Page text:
Germany accepts immigrants

Germany is Finally Beginning to Open Its Arms to Immigrants

Germany accepts immigrants

By Sarah Zinn

Germany is finally beginning to open its arms to immigrants. A first step in the journey towards multiculturalism, a deal has been made to allow dual citizenship for German-born children of immigrants.

The country’s attitudes towards immigration have historically been exclusive, despite the fact that nearly 6.2 million foreigners live in Germany.

At the turn of the century, Germany instated a law that required second-generation immigrants to choose between a German passport and their parent’s passport as they reached adulthood. The choice was hard on the young adults, as many felt culturally bound with Germany and their ethnic backgrounds. German Chancellor Angela Merkel said this new law will send the message that immigrants are welcome in the country.

It is clear why many have not felt welcome before, as German citizenship laws have always been unwelcoming to foreigners with no German heritage. In the early 20th century, it was easier for Nazi descendants living in Poland to obtain German citizenship than a Turk who had lived in the country for years. Citizenship laws dating from the imperial Kaiser era dictated that German citizenship should be based on German bloodlines, a requirement that reigned until the year 2000.

The country’s harsh citizenship laws have had a great impact on the Turkish population in Germany, who migrated there as “guest workers” post-WWII. Approximately 3 million Turks live in Germany, and have historically been discriminated against for “taking the jobs” of German people. Even as the economy recovered, Turks faced prejudice for their religion and the color of their skin.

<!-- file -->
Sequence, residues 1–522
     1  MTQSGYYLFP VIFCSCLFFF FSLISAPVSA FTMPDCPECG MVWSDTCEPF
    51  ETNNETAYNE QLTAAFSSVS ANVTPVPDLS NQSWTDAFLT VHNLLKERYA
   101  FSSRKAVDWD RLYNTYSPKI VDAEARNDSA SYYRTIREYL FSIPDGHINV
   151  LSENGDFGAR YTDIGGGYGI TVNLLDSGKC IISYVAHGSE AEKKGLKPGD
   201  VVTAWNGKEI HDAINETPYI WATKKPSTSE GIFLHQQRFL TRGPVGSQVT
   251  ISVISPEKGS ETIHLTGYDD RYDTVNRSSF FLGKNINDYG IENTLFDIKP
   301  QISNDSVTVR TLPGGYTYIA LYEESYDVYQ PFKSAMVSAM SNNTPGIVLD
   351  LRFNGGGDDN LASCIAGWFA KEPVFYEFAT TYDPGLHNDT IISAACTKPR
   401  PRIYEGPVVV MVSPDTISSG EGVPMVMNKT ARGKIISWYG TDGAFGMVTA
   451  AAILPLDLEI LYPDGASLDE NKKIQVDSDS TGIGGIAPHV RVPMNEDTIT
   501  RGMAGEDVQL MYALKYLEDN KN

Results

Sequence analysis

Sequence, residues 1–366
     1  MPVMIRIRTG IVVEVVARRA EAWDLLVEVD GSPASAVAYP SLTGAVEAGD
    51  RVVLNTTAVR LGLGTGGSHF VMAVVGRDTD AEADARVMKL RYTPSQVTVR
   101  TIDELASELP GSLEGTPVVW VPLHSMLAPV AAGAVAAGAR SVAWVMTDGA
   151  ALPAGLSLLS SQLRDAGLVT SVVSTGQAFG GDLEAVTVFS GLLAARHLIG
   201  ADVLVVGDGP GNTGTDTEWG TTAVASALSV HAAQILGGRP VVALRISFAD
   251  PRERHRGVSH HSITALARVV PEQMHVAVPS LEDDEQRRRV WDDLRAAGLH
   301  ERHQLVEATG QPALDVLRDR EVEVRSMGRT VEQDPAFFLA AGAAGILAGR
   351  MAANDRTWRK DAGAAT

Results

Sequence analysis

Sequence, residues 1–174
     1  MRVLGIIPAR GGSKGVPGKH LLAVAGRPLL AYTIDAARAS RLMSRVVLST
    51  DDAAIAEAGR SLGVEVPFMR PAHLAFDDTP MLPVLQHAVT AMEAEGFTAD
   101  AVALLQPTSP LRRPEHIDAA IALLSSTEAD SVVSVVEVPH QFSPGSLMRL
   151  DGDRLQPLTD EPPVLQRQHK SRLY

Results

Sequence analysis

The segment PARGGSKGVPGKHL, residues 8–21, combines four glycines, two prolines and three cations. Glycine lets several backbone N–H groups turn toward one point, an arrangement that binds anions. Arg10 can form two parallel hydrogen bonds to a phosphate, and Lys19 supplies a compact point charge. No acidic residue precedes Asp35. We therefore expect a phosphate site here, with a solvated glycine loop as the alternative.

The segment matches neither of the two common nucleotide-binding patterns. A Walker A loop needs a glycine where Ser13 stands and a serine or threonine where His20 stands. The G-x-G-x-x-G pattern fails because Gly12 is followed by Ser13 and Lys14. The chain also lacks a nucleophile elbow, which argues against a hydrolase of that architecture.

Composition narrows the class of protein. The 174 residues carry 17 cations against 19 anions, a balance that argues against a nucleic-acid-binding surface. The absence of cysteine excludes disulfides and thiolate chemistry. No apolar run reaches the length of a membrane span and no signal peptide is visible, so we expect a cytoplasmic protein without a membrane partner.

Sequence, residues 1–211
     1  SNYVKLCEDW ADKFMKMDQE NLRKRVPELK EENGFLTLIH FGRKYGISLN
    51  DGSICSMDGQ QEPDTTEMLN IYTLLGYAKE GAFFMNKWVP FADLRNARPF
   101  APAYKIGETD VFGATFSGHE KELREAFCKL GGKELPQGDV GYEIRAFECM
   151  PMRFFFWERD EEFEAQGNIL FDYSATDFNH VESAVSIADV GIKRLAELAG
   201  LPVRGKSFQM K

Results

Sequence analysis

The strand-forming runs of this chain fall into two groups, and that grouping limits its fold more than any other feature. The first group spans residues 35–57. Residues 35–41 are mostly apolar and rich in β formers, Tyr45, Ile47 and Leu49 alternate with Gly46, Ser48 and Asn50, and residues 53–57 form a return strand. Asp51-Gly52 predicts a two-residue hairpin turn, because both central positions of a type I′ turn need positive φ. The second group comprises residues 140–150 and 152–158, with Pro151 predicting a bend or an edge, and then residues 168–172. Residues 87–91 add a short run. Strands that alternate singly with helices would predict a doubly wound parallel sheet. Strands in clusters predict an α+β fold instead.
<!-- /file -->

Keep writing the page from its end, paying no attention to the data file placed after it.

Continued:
The idea that being German is an ethnicity that should be preserved is an attitude prevalent in Germany, and often a source of pride. This is one reason for its slow acclimation to cultural integration. However, this new law marks a shift in ideas of what it means to be German, and what it means to be a foreigner.

The new law maintains one stipulation that will uphold an existing ban for newcomers who choose to become German citizens, still requiring them to give up their current passport in exchange for a German one.


sarah zinn 150x150 Does This Public Expression of Love Prove that Paris is the Most Romantic City in the World?ABOUT THE WRITER

Sarah Zinn is currently a student at Indiana University studying Journalism. She’s a creative, passionate writer and with a compulsion for wit. In her free time she enjoys venturing outdoors, eating ethnic food, painting and on the rare occasion, sleeping. She is very interested in civil rights, the environment, public policy, and the arts. She has a curiosity for most things, excluding only finite math and stressfully dramatic shows such as CSI and 90210. She is a diehard fan of Seinfeld and most girl bands of the indie rock persuasion. The daughter of an expat, Sarah has called the state of Indiana, Athens GR, and London England home within the 19 years of her life. Sarah writes for her university’s newspaper the Indiana Daily Student, and has been published in Indianapolis Monthly Magazine. Follow her on Twitter @sarah_zinn.

 Photo credit: extranoise 



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